Detecting Asian Carp
Watch a short video of scientists at The Nature Conservancy and the University of Notre Dame describing how they detected Asian carp at the brink of Lake Michigan.
- Linsay Chadderton, The Nature Conservancy's Director for Aquatic Invasive Species
How can scientists claim Asian carp are close to Lake Michigan without seeing or capturing one? By using environmental DNA (eDNA) as an early-warning tool to detect their presence, a technique that is now gaining scientific acclaim.
While eDNA has been used to detect land and marine invasive species for more than 20 years, its use on freshwater species is relatively new. The Asian carp eDNA technique was developed by a team of scientists at The Nature Conservancy and the University of Notre Dame.
This technique is now described in detail by a recent paper published in the scientific journal Conservation Letters. The paper compares eDNA to other standard methods used to hunt for exotic species in the field and offers evidence that eDNA is better than traditional methods for finding a species because it is more sensitive and can be implemented earlier with fewer traces of a species than a thriving population would provide.
"Just like it's important to have early detection of cancer, it's vitally important to have early detection of invasive species like Asian carp in the waterway," says David Lodge of the University of Notre Dame. "Only if we detect [it] early, can we hope to manage it effectively."
Evidence of Asian carp reproducing rapidly in the U.S. was first detected in the Mississippi River in the 1980s. Since their escape nearly two decades ago, bighead and silver carp have overwhelmed segments of the Mississippi and Illinois River systems by disrupting the ecological balance and competing with native species for food. Through the Illinois River, they have spread northward towards the Great Lakes.
How did the team develop the eDNA technique?
From summer 2009 through May 2010, scientists from Notre Dame and The Nature Conservancy collected and analyzed more than 1,000 two-liter samples of water from the Chicago Sanitary and Ship Canal, and other water bodies in the metropolitan area. Then, using a combination of high tech genetic tools, they sifted those samples to find traces of eDNA from Asian carp.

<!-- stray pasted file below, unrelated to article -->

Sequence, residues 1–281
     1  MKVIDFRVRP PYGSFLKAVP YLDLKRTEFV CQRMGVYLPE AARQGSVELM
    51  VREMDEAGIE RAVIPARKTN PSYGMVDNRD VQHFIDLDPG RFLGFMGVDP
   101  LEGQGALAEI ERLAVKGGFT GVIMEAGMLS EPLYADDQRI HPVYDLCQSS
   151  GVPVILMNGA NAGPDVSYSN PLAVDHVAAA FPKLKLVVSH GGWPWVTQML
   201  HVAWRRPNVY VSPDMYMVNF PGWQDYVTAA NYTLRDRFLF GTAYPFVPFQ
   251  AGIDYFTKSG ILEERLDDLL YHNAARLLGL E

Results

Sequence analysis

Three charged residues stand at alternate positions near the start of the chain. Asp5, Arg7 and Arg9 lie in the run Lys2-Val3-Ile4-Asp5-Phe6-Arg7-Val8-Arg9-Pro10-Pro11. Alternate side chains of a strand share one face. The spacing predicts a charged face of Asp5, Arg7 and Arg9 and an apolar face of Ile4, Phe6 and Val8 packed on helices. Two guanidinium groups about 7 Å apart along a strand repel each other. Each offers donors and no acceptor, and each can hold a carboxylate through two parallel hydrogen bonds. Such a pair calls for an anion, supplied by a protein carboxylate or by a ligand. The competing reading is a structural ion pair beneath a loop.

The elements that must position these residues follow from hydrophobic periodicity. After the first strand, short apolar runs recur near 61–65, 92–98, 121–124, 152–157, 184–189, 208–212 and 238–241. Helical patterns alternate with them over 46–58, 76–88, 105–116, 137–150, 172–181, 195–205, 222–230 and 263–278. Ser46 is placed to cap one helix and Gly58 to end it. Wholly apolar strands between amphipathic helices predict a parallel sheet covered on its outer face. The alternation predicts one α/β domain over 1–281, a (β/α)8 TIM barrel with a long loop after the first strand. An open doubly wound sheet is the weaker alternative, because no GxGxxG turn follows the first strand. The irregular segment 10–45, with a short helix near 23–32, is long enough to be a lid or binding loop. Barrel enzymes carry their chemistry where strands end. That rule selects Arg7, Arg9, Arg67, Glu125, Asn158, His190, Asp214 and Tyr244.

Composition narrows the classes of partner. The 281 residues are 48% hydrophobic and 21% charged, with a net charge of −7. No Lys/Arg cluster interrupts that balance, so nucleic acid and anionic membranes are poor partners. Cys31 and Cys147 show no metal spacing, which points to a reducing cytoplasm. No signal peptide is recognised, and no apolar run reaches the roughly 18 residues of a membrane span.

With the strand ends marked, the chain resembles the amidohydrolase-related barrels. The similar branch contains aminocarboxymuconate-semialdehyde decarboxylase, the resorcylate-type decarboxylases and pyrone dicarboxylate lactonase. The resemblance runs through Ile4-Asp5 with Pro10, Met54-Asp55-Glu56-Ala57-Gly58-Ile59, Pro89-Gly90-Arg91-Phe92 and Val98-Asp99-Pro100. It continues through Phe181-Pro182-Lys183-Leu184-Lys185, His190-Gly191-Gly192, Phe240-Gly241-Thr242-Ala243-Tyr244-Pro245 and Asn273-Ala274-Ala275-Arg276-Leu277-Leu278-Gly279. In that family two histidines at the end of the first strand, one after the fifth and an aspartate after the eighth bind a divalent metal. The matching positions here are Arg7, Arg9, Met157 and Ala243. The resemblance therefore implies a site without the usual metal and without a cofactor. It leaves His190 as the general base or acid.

The research grew out of a formal partnership between the University of Notre Dame and The Nature Conservancy to develop science-based solutions to environmental problems.
Last year, working with the Conservancy under a cooperative agreement funded by the U.S. Army Corps of Engineers, the team of researchers used the eDNA technique to discover just how close two species of highly invasive Asian carp (bighead and silver) were getting to Lake Michigan.
In particular, the scientists wanted to determine if any fish made it past a pair of underwater electronic barriers [302KB PDF] designed to keep exotic invasive species from moving between the Great Lakes and Mississippi River watersheds.
The team of researchers soon discovered genetic material from Asian carp in several sections of the Chicago-area waterway system. Many of the detection points suggested that Asian carp were much closer to Lake Michigan than authorities had previously believed. Asian carp eDNA was found in Calumet Harbor, a near-shore area of Lake Michigan itself, many miles beyond the electronic underwater barrier.
The announcement led to significant media attention and numerous public policy responses, including a multi-agency government effort in December of 2009 to apply rotenone, a common pesticide used to eradicate fish populations, to some sections of the Chicago-area waterway.
In June 2010, when a live bighead carp was found in Chicago's Lake Calumet, concerns about Asian carp grew higher. Controversy caused some observers and industry interest groups to question the eDNA technique, particularly since the scientists' work had not yet been published by a peer-reviewed journal. The criticisms came despite the fact that the research had been examined thoroughly by a special U.S. Environmental Protection Agency peer-review in February 2010.
At this point, it is unknown how many Asian carp breached the electric barriers. About $74 million dollars has been appropriated to fund an Asian Carp Response Framework as a response to the detection of silver and bighead carp above the electric barriers. This combination of short- and long-term actions will be designed to prevent any further spread of Asian carp into the Great Lakes.July 25, 2012